Saturday, June 19, 2010

Persy -- Remnants (first three) by K.A. Applegate

It's the year 2011 (this book was written in 2001, so this is much further in the future than just next year for us). An asteroid is hurtling towards Earth. The humans are doomed. There's no time to come up with a good survival strategy.

But they're desperate, so they manage to come up with a last-minute plan. NASA pulls a shuttle out of storage, complete with stasis pods -- but only eighty. Eighty people, most important to the United States government or NASA in some way, are chosen to go on a futile and hopeless attempt to keep the human race alive.

The first book in the Remnants series is called The Mayflower Project, and it's all about the beginning of the voyage. There are many main characters, but it mostly comes down to three: Jobs, a tech-savvy, Mo'Steel, a teenager always looking for a new thrill, and 2Face, a girl with half of her face brutally scarred from a fire.

Along with them, there's a motley collection of travelers. Two brothers attempt to break into the shuttle and steal pods, desperate to survive the oncoming collision. A pregnant and wounded marine ends up with a space as well.

The Remnants books are short, giving the impression that they're kid's books, but I really wouldn't hand these things to a young person. There's some scary and disturbing stuff in these things. The writing is fairly simple and easily understood, so it's not like they're written for teens or adults, nor is the plot terribly complicated, but some of the things that happens... bit freaky. Just a warning.

The second book is entitled Destination Unknown, and is about what happens after the passengers on the shuttle wake up -- five hundred years after they went to sleep, after the Earth was blown into three pieces.

The surviving sleepers wake up to find that not everyone lived through the experience. Some of the pods are overgroan with mold, others just seem to have malfunctioned and contain skeletal remains. Some were victims mini meteorites, drilling holes in the unconscious sleeper. And, possibly the most disturbing of all, some were infested with worms. They were eaten. By worms.

The shuttle has landed, but their new surroundings aren't quite... right. On one side, it's completely colorless, a black and white landscape of canyons and sky. On the other, the colors are insanely bizarre. Blue trees, tall grass, a river that doesn't seem to be made up of any kind of liquid. One of the passengers, Miss Violet Blake, recognizes it as a painting.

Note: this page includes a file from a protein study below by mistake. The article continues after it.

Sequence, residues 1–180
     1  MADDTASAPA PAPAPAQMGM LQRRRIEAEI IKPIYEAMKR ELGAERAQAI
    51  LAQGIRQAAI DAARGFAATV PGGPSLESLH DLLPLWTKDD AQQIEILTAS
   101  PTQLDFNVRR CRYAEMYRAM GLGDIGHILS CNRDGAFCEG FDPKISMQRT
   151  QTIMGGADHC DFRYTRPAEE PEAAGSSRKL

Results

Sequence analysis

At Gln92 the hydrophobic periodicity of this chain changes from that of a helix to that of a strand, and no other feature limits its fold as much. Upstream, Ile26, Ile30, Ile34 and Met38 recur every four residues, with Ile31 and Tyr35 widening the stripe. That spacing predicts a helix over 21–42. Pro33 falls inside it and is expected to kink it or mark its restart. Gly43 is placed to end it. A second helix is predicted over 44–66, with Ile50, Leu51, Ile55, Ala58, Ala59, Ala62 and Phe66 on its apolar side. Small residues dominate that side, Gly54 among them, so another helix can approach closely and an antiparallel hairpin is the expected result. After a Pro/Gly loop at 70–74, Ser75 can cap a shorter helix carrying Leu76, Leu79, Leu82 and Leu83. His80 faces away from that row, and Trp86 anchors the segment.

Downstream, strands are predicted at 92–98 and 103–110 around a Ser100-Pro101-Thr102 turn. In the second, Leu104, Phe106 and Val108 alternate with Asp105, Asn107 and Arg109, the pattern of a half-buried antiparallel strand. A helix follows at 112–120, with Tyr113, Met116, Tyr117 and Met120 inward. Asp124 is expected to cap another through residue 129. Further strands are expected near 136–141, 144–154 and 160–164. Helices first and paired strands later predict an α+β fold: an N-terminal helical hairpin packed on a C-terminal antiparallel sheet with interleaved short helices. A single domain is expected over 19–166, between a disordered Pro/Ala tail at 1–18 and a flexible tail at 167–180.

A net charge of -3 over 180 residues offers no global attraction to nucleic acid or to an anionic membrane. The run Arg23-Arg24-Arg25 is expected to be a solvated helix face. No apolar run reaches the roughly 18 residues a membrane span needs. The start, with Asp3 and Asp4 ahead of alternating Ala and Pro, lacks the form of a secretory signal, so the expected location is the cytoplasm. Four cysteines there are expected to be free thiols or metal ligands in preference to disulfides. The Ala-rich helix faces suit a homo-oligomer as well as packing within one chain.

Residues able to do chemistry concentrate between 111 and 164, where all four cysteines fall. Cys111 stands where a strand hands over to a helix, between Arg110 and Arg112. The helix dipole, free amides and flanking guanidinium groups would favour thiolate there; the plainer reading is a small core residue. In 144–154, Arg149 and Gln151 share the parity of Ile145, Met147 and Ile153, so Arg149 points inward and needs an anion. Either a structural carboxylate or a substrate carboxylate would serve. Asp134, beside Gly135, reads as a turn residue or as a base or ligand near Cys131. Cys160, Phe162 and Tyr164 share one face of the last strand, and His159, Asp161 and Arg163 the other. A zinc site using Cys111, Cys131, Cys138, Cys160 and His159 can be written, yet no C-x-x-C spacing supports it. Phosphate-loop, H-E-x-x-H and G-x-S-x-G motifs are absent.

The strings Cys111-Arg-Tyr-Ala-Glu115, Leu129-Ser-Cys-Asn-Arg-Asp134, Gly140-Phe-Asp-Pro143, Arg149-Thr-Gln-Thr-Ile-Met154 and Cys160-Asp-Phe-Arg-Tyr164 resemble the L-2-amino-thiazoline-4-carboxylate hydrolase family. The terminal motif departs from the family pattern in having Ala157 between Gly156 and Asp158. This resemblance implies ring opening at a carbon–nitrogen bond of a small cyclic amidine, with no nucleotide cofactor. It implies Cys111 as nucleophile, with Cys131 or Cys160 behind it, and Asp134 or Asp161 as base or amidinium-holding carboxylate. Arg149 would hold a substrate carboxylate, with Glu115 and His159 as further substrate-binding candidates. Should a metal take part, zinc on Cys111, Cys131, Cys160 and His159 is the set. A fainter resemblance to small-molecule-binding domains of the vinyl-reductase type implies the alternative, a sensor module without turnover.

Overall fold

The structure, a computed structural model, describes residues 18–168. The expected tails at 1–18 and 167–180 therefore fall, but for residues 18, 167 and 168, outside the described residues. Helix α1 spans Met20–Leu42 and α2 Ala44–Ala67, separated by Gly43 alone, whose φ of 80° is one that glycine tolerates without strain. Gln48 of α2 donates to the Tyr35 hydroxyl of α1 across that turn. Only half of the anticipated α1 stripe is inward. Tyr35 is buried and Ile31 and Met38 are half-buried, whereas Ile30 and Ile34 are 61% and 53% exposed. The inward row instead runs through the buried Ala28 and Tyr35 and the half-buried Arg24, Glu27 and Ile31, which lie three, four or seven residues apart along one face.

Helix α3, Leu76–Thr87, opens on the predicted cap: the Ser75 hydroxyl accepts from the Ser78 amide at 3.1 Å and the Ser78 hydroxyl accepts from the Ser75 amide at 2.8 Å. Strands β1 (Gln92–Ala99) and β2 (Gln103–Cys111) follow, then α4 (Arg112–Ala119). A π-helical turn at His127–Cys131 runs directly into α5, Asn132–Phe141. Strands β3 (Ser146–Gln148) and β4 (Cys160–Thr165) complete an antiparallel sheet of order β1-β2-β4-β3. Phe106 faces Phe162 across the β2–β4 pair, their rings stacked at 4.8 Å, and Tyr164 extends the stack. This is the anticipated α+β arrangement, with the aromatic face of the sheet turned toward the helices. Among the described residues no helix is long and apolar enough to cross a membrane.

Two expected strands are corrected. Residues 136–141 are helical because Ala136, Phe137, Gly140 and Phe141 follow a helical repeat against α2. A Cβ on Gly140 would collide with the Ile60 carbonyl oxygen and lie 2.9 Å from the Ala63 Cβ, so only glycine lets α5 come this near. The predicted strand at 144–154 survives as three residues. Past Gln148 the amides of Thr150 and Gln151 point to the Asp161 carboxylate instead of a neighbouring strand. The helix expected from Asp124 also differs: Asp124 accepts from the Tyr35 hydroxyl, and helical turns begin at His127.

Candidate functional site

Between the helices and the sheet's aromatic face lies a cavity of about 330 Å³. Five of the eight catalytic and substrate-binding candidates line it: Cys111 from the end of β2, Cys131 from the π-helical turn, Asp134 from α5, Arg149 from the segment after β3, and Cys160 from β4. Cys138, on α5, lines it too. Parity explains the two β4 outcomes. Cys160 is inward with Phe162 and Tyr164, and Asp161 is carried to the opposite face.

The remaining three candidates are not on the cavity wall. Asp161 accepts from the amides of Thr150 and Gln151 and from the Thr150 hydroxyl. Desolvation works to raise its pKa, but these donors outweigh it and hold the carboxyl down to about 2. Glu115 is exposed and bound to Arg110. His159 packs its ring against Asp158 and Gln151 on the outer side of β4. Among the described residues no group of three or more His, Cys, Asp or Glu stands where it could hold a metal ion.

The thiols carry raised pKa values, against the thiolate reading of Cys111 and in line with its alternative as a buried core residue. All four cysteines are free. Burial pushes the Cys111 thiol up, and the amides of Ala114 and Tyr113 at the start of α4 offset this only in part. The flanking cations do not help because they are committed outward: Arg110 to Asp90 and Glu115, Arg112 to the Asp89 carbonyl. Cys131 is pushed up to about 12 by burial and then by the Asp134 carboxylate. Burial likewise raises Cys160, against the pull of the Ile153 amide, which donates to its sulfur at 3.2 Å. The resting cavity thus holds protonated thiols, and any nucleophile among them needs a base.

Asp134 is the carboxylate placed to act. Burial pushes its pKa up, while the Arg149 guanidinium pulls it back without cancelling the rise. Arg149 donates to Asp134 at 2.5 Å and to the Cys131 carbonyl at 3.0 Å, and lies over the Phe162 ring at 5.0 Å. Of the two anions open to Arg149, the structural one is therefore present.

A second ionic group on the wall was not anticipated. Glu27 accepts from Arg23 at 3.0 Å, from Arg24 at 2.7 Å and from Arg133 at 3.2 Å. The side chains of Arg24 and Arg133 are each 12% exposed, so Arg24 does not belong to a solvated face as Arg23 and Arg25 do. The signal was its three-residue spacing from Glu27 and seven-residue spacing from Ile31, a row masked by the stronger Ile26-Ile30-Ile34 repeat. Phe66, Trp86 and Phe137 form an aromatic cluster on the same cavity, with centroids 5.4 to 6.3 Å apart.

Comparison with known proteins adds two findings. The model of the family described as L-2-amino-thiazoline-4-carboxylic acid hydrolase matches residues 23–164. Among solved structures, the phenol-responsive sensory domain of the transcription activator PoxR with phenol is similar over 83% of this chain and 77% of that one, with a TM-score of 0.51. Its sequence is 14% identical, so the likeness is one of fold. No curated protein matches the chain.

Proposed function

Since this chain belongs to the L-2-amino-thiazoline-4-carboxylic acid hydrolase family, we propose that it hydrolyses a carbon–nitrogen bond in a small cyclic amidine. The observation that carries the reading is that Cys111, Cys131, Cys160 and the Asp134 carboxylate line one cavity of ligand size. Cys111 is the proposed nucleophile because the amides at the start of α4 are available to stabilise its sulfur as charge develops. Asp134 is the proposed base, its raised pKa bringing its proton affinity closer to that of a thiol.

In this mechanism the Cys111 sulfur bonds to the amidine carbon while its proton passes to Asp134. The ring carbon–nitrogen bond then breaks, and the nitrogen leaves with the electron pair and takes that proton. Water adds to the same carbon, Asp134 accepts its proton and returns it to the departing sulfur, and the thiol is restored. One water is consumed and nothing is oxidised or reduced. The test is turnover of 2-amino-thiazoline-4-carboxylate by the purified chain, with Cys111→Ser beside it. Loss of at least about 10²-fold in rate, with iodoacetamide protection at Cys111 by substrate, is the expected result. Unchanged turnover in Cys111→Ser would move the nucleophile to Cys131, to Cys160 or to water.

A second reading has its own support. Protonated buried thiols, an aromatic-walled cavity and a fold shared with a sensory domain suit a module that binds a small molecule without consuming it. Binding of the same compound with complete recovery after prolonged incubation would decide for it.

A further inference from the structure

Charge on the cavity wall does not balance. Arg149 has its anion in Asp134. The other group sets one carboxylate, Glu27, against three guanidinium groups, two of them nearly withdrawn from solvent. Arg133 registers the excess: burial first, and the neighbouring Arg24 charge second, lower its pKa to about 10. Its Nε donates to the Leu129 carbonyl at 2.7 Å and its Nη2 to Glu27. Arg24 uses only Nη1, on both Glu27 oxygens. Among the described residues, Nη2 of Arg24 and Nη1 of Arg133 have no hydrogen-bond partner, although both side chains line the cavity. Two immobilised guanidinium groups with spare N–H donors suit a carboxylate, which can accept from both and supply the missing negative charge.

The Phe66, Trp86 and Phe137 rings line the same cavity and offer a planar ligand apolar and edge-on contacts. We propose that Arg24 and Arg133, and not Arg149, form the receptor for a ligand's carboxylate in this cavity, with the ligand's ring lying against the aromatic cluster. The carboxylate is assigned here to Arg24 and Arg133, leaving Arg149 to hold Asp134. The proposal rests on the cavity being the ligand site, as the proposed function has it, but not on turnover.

They've landed on a painting? Things become more and more confusing as strange creatures riding hoverboards attack the survivors, killing one of the few humans left alive.

Not to mention that the marine's baby was born sometime during those five hundred years asleep, and it has no eyes, and seems to be able to control the marine. Plus, Billy, a young boy who never went to sleep but was sustained by the pods all those years. He went insane. Oh, and one of the sleepers has woken up with one of the parasitic worms inside his leg. He's being slowly eaten alive.

The third book is Them. The place where they landed has been discovered to actually be a gigantic spaceship, not a planet. The world they're now walking around is being taken from the archives on the shuttle as the ship tries to create a comfortable habitat for the humans.

Except the ship doesn't quite know what it's doing, and there are some pretty bad paintings on board the shuttle... while the Riders, the aliens on hoverboards, hunt down the humans, the remnants of the human race run from scene to scene, finally finding themselves on Bosch's interpretation of Hell.

Meanwhile, mistrust and fear is growing among the survivors. Already, five of them have been outcast and are struggling on their own away from the group. As situations grow more and more dire, the main group find themselves having to make decisions that are not only immoral but disturbing.

There are fourteen books in the Remnants series, though you could probably read the whole thing in a single day because the length of the books. As the series progresses, mysteries are solved while opening new ones, more danger appears behind every door, and several of the remnants find themselve right back on the remains of Earth...

It honestly kind of reminds me of a science-fiction twist of Lord of the Flies and the TV show Lost, if that makes any sense. It's one of my favorite series', with just the kind of twists and plots I enjoy. Most of the characters are fairly flat, each having a main trait they follow throughout the entire series and exist for a soul purpose: solving technical problems, fighting the battles, thinking through things, etc. etc. Still, they do surprise you sometimes. Often I found myself expecting them to react certain ways, and was startled at the brutality of several of the characters.

This is pretty much sci-fi, so if you don't like sci-fi, don't read it. But it's not hard sci-fi, either, so if you like the technical stuff, don't read it. But if you just like sci-fi and rather strange journies through weird land with weird aliens, read it! Not like it'll take you all that much time.

Bit of trivia: K.A. Applegate (author of the Animorphs series, more well-known than Remnants) is married to Michael Grant, author of the fabulous Gone series. Gone is actually rather similar to Remnants, only it's more of a cross of Lord of the Flies and X-Men rather than Lord of the Flies and Lost, and it takes much longer to read than a day.
-- Persy

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